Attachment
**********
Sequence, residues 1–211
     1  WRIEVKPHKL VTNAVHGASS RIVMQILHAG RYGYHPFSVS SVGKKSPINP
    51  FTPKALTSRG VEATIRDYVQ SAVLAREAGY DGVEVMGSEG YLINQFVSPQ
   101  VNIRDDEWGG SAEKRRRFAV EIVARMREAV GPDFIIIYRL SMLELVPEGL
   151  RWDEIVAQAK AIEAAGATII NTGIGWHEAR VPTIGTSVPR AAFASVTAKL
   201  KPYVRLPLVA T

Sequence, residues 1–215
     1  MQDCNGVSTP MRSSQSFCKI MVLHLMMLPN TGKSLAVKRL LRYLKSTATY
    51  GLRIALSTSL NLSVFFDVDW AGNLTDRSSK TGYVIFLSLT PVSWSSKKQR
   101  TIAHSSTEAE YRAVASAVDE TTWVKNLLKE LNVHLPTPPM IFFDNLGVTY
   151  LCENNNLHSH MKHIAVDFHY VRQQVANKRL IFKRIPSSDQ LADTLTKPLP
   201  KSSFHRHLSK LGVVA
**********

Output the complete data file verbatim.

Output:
Sequence, residues 1–211
     1  WRIEVKPHKL VTNAVHGASS RIVMQILHAG RYGYHPFSVS SVGKKSPINP
    51  FTPKALTSRG VEATIRDYVQ SAVLAREAGY DGVEVMGSEG YLINQFVSPQ
   101  VNIRDDEWGG SAEKRRRFAV EIVARMREAV GPDFIIIYRL SMLELVPEGL
   151  RWDEIVAQAK AIEAAGATII NTGIGWHEAR VPTIGTSVPR AAFASVTAKL
   201  KPYVRLPLVA T

Sequence, residues 1–215
     1  MQDCNGVSTP MRSSQSFCKI MVLHLMMLPN TGKSLAVKRL LRYLKSTATY
    51  GLRIALSTSL NLSVFFDVDW AGNLTDRSSK TGYVIFLSLT PVSWSSKKQR
   101  TIAHSSTEAE YRAVASAVDE TTWVKNLLKE LNVHLPTPPM IFFDNLGVTY
   151  LCENNNLHSH MKHIAVDFHY VRQQVANKRL IFKRIPSSDQ LADTLTKPLP
   201  KSSFHRHLSK LGVVA